If the input data is a sparse grid instead of a function evaluated on a dense grid, the nice solution above using NaNs may leak:

Here below another approach using Dierckx.jl to interpolate a bounding polygon (and respective values) which is then merged with the input data and fed to PyPlot.jl’s `tricontour()`

.

The main advantages of this workflow is that irregular input data can be consumed and “arbitrary” polygons can be defined.

*PS: Someone versed in PyPlot, may step-in with further advice.*

```
using Dierckx, PyPlot
# Define some input data inside a triangle
f(x,y) = cos(2π*x) * sin(2π*y)
Np = 2_000; x = zeros(Np); y = zeros(Np)
for i in 1:Np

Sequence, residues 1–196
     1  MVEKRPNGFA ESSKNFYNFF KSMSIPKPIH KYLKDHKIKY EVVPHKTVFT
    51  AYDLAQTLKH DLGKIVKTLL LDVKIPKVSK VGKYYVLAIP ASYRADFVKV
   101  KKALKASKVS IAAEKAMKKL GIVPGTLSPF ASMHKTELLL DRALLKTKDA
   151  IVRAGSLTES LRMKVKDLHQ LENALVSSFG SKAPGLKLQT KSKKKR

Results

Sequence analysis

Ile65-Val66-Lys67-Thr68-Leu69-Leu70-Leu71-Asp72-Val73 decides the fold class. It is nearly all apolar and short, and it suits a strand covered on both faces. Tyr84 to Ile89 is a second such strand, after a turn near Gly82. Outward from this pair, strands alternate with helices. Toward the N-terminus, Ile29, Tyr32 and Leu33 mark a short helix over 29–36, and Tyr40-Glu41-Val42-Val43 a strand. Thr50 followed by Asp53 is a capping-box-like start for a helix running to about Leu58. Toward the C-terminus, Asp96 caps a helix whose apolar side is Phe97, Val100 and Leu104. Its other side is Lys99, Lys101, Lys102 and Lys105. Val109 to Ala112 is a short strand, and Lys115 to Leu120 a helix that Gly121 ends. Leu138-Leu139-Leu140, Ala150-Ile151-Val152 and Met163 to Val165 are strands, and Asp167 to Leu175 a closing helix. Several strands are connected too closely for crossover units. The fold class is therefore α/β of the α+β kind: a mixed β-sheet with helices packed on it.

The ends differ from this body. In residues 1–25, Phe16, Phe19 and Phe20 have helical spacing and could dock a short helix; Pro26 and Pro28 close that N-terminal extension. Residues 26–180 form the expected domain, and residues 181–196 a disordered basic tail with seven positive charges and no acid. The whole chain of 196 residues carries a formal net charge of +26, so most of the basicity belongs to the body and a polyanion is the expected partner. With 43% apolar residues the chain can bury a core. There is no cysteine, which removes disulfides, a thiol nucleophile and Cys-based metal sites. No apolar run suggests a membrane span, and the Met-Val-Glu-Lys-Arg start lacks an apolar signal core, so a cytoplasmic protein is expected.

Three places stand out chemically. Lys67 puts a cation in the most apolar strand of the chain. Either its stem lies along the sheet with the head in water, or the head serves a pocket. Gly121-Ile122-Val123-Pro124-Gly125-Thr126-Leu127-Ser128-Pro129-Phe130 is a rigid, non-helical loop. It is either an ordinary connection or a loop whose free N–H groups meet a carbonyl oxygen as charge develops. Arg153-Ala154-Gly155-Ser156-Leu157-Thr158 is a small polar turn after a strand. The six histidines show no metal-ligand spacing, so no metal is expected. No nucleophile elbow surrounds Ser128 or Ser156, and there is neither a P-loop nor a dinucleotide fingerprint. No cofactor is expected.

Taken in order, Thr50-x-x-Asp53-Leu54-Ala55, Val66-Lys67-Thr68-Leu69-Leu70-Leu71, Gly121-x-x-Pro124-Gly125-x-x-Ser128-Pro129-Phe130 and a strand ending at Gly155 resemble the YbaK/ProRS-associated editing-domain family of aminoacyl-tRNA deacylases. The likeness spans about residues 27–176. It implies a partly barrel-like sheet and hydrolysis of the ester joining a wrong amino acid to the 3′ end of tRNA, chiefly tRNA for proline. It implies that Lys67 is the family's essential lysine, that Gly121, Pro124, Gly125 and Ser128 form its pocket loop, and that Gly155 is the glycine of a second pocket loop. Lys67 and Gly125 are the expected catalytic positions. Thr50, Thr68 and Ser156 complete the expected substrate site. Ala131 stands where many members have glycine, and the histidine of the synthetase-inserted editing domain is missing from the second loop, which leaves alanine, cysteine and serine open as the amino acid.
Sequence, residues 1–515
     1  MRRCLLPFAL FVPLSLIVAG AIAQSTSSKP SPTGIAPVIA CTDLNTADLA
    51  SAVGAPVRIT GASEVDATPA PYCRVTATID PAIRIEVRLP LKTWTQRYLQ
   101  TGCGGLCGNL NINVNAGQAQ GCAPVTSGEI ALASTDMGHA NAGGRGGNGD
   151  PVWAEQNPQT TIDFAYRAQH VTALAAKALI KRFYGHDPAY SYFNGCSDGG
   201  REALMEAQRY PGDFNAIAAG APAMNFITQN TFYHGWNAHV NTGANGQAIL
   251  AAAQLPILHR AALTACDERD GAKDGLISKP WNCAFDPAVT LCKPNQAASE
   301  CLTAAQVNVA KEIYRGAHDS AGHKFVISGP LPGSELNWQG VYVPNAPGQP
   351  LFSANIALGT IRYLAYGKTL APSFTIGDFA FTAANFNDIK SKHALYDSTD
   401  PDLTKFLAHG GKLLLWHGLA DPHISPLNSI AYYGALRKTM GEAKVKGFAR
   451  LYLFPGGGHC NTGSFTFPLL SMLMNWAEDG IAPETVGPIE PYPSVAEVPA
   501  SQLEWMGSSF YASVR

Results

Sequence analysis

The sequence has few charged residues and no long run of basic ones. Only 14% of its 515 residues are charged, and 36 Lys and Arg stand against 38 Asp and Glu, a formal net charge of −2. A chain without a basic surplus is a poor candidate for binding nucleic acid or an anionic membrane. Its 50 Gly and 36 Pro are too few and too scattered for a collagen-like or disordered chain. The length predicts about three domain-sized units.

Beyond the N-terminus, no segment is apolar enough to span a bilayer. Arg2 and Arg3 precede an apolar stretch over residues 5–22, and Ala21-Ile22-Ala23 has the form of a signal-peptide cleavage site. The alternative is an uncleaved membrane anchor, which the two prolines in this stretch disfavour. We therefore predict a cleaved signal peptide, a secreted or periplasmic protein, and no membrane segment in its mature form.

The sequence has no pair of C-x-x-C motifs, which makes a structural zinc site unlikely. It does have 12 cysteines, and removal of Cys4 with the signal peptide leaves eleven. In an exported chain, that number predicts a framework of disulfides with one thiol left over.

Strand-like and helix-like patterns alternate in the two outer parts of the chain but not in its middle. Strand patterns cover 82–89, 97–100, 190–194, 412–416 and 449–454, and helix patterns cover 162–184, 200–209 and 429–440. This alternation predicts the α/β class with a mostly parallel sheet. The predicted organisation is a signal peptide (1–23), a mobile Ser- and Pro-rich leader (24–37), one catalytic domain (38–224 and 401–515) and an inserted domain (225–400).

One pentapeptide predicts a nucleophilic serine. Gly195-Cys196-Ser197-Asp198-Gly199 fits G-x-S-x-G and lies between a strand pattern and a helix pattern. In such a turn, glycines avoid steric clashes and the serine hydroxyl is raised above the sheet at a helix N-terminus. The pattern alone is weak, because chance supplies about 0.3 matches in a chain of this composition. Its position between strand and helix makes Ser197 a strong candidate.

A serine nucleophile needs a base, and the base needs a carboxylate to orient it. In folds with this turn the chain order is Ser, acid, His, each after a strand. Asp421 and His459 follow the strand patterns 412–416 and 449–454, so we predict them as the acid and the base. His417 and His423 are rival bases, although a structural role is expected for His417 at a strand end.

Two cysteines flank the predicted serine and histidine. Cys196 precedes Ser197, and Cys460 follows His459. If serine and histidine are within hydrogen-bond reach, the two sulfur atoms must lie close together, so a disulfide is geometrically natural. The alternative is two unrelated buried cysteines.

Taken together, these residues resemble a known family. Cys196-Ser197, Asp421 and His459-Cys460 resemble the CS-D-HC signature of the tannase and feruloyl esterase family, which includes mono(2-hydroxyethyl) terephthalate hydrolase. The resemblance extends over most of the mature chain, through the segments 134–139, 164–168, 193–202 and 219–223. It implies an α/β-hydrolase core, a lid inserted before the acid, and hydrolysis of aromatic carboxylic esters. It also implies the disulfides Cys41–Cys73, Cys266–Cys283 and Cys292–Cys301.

x[i] = rand(0:0.01:1); y[i] = rand(0:0.01:1-x[i])
end
z = f.(x,y)
# define bounding polygon vertices for contouring (here a triangle)
polygon = [0. 0.; 1. 0.; 0. 1.; 0. 0.] # closed triangle (4 points)
N = size(polygon,1)
# Interpolate polygon border using linear parametric splines, and respective values using cubic
t = collect(1:N)
spl1 = ParametricSpline(t, polygon', k=1) # linear splines
tfine = LinRange(0, N, 1000) # polygon boundary samples = 1000
xypoly1 = evaluate(spl1,tfine) # 2 x 1000 matrix
spl2 = Spline2D(x, y, z; kx=3, ky=3, s=1e-4)
zpoly2 = evaluate(spl2, xypoly1[1,:], xypoly1[2,:]) # cubic splines
# merge input data with polygon boundary
xnew = [x; xypoly1[1,:]]
ynew = [y; xypoly1[2,:]]
znew = [z; zpoly2]
xyz = [xnew ynew znew]
xyz = unique(xyz, dims= 1) # keep only unique points
# plot the data support and filled contours
clf()
PyPlot.scatter(x,y,s=0.1)
plt.plot(xypoly1[1,:],xypoly1[2,:], c="red", lw=1)
clf()
PyPlot.tricontourf(xyz[:,1], xyz[:,2], xyz[:,3])
PyPlot.colorbar()
PyPlot.tricontour(xyz[:,1], xyz[:,2], xyz[:,3], colors="black", linewidths=0.5)
```